Last Friday, my older son called to say he’d missed the bus home from school and wanted to walk over to a friend’s house to hang out until the football game that night. My husband took the call, and I heard him start to say goodbye with a quick, “Be careful crossing the highway.”
My heart froze, and I felt that tear-fighting squeeze at the back of my throat. I leapt up and heard myself shrieking, “No! You will not cross the highway! No! Give me that phone!” The conversation that followed, predictably, deteriorated from there as my almost fourteen-year-old son responded with typical middle-school disdain as I dug in my heels and threatened ridiculous months of grounding if he so much as set foot on that road. He’s a good kid, the responsible type who typically enjoys a lot of freedom and has plenty of experience getting around on his own. But there I was going apoplectic on him because he wanted to cross a street without me. “God, Mom, chill out!”
I remember when I first brought him home from the hospital. I felt like the most fragile and precious piece of myself had been thrust out into the world, becoming this separate being with nothing to shield it from harm. Before that, if someone had asked me what the most awful thing that could ever happen in my life would be, I would have offered a list of physical catastrophes that could happen to me: cancer…paralysis…death. After he was born, though, the worst things in my world had nothing to do with me and everything to do with this fragile, separate being. Why on earth were they sending him home with me? I didn’t know anything about keeping him safe! Our car had never seemed as powerful or as ominous as it did on the day we strapped him in for the very first time to drive home from the hospital.
Several years ago, when I was still working as a teacher, I had a student named Aaron. He was a bright, mischievous, redheaded ten-year-old with a big, friendly smile. One day, he and a buddy walked down the street near where we live to grab a snack at McDonalds. He stood waiting at the light, and when the walk signal told him to go, he stepped out into the crosswalk spanning the highway (yes, that highway). His friend was just about to step out behind him when a car came speeding through the red light, killing Aaron and then driving away.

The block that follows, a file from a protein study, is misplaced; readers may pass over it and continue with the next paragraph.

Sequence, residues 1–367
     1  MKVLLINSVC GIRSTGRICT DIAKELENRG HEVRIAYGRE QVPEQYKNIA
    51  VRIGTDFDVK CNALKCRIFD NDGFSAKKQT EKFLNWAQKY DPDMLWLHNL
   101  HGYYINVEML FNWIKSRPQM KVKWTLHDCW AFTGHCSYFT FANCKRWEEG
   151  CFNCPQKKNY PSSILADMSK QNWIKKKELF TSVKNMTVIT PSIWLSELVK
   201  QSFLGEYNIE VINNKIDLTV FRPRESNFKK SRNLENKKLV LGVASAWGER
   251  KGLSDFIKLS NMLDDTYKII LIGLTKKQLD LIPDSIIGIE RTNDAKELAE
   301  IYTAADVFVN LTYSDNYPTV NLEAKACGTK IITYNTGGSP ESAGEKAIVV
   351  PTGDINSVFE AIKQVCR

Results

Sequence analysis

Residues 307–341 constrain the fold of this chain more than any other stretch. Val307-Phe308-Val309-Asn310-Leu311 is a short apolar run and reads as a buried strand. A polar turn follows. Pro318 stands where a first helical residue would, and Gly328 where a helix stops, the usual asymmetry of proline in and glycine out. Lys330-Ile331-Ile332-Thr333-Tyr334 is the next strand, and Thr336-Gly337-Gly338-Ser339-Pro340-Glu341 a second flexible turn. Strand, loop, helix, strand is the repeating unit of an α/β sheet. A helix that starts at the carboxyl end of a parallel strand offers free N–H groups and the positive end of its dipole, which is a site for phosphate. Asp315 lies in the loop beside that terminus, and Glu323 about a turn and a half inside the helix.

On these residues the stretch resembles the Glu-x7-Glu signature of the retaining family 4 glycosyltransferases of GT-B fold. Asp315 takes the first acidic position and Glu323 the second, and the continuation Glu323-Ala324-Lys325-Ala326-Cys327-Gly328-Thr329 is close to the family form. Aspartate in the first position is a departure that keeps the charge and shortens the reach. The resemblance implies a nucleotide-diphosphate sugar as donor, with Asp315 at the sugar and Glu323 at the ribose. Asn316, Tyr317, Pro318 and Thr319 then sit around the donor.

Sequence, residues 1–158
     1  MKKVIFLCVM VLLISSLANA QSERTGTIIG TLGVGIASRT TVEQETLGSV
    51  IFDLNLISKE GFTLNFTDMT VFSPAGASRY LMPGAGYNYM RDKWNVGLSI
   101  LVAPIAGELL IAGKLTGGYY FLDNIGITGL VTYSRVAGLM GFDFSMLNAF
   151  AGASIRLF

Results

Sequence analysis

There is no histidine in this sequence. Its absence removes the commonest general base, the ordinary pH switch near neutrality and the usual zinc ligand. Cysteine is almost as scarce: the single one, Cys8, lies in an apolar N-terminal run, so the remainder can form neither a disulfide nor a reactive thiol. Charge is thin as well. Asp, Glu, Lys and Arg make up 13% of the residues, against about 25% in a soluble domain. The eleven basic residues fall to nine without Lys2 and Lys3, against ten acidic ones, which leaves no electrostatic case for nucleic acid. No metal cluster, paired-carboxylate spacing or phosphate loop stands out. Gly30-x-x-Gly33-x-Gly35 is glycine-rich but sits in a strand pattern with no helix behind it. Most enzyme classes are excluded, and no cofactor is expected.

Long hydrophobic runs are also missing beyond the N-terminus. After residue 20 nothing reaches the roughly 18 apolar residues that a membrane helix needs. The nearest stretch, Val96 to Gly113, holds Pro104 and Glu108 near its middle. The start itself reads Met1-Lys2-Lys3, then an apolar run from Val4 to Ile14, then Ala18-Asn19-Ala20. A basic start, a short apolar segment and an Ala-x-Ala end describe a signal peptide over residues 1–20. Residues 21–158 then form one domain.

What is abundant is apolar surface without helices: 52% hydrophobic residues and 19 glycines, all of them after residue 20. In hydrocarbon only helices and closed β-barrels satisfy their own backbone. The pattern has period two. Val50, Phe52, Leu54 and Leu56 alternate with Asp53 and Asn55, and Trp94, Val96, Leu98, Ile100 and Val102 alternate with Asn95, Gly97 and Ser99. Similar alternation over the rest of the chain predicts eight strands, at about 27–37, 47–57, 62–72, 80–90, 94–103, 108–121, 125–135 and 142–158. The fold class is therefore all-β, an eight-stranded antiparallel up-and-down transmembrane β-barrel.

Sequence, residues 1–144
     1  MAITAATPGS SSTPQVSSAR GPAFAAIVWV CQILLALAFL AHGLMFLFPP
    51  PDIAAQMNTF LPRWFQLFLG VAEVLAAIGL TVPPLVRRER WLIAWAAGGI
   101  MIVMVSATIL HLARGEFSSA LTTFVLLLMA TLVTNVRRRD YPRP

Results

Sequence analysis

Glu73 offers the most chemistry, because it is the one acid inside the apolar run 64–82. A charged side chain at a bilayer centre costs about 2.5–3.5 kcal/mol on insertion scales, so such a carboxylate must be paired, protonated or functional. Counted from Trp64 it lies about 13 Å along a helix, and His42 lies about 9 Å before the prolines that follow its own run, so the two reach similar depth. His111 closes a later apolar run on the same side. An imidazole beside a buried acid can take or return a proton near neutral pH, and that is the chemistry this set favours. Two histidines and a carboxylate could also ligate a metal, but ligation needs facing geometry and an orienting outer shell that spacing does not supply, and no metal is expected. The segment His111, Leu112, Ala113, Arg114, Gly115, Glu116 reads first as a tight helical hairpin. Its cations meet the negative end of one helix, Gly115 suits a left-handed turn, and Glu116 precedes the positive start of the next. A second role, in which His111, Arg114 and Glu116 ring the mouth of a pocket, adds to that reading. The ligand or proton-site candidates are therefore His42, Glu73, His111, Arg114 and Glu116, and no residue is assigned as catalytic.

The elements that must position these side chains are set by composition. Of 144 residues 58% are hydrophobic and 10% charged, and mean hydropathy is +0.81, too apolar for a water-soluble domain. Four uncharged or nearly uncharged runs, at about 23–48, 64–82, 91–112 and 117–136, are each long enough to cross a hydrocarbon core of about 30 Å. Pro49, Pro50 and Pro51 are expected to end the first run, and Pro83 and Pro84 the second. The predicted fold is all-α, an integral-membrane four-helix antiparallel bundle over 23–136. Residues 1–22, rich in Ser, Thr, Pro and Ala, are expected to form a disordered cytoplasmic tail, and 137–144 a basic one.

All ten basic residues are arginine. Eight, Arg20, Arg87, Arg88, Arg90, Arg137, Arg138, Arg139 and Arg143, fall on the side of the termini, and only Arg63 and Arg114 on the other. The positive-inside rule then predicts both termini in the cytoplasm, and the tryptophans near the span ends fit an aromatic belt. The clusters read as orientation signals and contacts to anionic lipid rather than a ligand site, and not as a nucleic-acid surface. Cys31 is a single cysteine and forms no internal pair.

I often think about Aaron’s mother, about that separate piece of her heart that was horrifyingly run down that day. I think about her face, about the pain and numbness I saw there after the accident. I think about her brave decision to donate his organs so that another mother’s worst days could be forestalled. I wonder how she got out of bed the next day. And the day after that. And how she faced all of the tomorrows filled with the hollow echo of the milestones and celebrations her son would never see.
My son thinks I’m a freak, if I believe what he said on the phone Friday afternoon. I’m lame and weird and completely unhinged. Maybe he’s right. But there is this vulnerable, separate piece of me walking around out there, battling the torments and pitfalls and trials of adolescence. I think I should get a pass on the occasional freak-out. Of course I’ll let him fall sometimes. He has to fall to learn to get back up. Of course he’ll make mistakes. He has to make mistakes to appreciate the times when he gets it right. But as long as the worst thing that could happen in my world is so awful that I can’t even think about it without feeling this tightening in my throat, I will sometimes step in and be the embarrassing, lame, mortifying and overbearing bad guy. I have to.